As I mentioned many paragraphs ago, Maggie was supposed to be the kid's dog, but it didn't turn out that way. I was the one who was home with her all day, even though I had no clue how to train a dog. Somewhere along the line she became what we called my "constant companion" - my completely co-dependent furry toddler. She followed me everywhere, from room to room, up and downstairs -- even when it became more difficult for her to get up and downstairs because of her arthritis. I would tell her to stay, especially if I was just running up to get something, but she was an inch behind me, every time -- my little black shadow.

My husband travels a lot but he always jokes that Maggie's response would be the same if he was gone 30 seconds or three weeks. And he said my habit of trying to sneak out the door with the words, "I'll be back in just a minute, Maggie", when she couldn't come with me, made her think that minutes were hours, sometimes days long.

One thing I've learned from Maggie -- one of many things, really -- is that there is nothing like a dog to show you the meaning of unconditional love. Maggie might have been better off with an owner who knew more about what dogs need, someone younger who could run with her more. She got fed up when I was stuck at the computer when I was writing my books -- she would clamp her teeth gently on my arm and tug when she'd finally had enough."Break time!," she couldn't have said it any plainer. They ask for so little, and they give you so much -- more than we ask for, and certainly more than we deserve.

My dog Maggie died this afternoon. Our house seems empty and my car will never feel quite the same. I will never forget the panicked look in her eyes as her heart began to fail and she couldn't get her breath. The soft, somewhat coarse feel of her old dog fur, the glazed, scared look in her eyes. The feel of her head as it dropped onto my arm a final time. And as much as I love my husband and my kids and they love me, I don't think anyone else will love me quite as much as Maggie did. But I think I understand better now how much she missed me when I was gone.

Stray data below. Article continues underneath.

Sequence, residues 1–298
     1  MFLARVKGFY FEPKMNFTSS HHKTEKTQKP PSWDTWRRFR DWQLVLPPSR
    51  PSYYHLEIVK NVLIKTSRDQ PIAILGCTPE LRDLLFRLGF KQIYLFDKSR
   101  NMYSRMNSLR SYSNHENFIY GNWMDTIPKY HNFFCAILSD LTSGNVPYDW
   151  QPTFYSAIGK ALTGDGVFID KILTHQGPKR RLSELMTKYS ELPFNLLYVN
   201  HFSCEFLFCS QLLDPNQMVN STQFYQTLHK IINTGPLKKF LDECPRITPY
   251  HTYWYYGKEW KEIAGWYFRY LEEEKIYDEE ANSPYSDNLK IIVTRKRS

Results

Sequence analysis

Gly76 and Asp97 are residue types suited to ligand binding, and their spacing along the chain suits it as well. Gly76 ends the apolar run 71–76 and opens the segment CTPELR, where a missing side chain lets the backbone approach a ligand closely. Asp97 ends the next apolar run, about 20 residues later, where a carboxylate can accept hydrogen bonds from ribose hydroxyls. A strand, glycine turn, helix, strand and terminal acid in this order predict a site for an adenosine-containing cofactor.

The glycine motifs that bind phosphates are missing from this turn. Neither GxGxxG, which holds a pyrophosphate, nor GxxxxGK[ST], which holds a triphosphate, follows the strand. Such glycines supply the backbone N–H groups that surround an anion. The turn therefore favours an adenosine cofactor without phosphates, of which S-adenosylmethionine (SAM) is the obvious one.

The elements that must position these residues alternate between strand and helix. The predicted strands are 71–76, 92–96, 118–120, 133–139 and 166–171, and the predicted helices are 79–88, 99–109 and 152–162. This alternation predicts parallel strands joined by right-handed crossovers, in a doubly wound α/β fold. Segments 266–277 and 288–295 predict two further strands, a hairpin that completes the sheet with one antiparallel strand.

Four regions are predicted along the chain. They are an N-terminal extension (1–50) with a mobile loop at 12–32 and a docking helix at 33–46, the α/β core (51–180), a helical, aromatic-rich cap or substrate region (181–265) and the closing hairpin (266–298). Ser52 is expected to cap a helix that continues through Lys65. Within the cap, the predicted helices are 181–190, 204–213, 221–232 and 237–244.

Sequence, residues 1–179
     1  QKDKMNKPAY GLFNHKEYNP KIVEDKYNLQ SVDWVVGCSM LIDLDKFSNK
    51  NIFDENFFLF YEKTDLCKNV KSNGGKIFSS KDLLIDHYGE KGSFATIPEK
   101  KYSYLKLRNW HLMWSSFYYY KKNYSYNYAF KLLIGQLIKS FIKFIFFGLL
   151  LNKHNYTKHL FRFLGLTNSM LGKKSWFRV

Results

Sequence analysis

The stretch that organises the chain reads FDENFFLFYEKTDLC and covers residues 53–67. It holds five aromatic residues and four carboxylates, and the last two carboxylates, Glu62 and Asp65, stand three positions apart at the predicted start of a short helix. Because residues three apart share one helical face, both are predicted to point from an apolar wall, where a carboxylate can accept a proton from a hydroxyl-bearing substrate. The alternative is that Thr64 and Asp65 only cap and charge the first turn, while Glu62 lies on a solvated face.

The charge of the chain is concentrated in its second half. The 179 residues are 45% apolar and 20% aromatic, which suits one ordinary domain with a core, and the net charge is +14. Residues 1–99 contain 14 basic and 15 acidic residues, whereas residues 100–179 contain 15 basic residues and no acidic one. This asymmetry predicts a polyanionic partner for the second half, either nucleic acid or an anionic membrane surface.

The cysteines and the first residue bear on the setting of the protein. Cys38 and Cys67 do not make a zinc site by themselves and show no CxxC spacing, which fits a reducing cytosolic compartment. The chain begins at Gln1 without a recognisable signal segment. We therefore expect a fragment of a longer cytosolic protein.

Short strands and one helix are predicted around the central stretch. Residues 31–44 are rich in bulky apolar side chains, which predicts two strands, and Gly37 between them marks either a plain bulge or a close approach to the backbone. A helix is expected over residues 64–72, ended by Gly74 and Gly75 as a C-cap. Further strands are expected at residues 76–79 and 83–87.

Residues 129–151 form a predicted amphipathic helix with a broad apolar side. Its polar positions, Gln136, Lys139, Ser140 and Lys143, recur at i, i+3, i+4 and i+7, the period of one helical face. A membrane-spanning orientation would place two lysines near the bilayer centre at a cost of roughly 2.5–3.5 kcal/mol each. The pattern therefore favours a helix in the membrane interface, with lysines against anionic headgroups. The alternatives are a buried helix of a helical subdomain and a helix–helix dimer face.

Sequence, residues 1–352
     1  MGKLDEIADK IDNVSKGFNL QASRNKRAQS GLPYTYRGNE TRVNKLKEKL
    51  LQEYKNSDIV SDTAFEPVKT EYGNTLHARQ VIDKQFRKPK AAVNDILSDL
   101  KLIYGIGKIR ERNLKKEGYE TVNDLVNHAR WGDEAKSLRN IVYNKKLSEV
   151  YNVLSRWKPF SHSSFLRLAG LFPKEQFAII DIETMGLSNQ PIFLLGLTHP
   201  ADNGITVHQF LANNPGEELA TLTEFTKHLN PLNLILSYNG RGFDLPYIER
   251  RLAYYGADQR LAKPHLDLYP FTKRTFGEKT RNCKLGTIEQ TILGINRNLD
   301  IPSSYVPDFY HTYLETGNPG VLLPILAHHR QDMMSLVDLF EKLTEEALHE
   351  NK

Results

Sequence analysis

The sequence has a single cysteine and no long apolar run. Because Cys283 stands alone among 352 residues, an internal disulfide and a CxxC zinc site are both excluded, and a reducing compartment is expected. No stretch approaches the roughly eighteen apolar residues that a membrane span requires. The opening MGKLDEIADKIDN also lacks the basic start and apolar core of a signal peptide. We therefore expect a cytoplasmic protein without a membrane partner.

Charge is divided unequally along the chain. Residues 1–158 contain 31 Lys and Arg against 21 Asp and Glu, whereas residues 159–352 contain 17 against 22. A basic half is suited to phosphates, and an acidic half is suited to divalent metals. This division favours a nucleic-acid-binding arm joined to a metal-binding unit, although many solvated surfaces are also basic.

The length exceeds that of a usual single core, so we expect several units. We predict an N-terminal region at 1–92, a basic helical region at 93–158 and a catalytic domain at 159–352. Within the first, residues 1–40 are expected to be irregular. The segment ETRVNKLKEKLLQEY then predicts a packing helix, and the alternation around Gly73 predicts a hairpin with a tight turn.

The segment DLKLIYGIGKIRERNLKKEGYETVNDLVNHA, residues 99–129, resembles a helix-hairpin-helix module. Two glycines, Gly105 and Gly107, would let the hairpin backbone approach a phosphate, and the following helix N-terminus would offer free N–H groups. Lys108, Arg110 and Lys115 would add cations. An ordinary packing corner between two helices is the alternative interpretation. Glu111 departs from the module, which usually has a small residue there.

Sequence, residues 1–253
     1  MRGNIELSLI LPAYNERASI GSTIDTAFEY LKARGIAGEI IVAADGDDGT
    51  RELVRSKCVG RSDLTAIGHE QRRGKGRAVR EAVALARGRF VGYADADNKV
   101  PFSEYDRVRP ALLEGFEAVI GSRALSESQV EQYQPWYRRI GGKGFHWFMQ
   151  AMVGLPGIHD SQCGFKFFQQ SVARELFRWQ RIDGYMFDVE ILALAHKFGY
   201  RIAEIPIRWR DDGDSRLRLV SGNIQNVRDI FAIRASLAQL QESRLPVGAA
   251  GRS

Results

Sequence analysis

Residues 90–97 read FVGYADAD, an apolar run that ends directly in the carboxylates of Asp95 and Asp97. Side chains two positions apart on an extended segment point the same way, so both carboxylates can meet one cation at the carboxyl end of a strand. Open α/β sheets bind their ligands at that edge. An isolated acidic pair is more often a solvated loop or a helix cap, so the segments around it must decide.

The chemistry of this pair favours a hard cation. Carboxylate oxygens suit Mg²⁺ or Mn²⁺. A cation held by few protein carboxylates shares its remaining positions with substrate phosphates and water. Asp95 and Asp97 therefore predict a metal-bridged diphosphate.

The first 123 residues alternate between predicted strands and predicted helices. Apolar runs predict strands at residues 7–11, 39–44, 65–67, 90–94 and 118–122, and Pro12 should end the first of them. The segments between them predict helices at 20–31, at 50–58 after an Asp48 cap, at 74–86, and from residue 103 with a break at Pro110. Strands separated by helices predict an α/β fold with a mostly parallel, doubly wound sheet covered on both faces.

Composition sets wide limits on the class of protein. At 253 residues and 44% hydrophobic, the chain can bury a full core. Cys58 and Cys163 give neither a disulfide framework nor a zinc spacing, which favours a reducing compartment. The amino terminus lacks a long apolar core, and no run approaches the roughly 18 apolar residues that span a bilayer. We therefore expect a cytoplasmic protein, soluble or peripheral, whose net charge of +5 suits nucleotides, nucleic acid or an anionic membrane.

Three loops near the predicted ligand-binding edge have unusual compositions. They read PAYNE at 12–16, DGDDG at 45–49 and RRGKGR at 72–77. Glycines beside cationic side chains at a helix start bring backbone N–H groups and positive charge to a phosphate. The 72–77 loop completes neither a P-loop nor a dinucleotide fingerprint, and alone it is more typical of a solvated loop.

Postscript: I've added more pictures of Maggie. The one was taken after she had spent a half hour or so pulling toys out of the bin in one room and bringing them in to the room where I work on my computer. She was very pleased with that effort. Jonathan took the picture of her, all sleek and black and shiny, a few years ago. I took the one of her on the deck last summer. The picture of her in the car was the last picture of her, taken on the way to the vet. Even though she was having a lot of trouble breathing then, you can see she was still enjoying that rush of air on her face from the open car window. I'm so glad she had that moment.

Friday, February 23, 2007

Art in the Garden





If a landscape is very formal in design, does that mean it inevitably has a stiff, sophisticated ambience? Does a more natural design automatically create a more relaxed effect? The ambience or “mood” of a landscape or garden design can certainly be influenced by the types of plants selected and the way the plants are arranged, but the effect may vary with the seasons.
Hardscapes and artistic motifs can be used to create a unifying theme between the architecture of the home and the design of the landscape. If the house is of a distinctive architectural period, or if the hardscapes and garden structures feature prominently in the landscape design, those features alone could conceivably create a mood.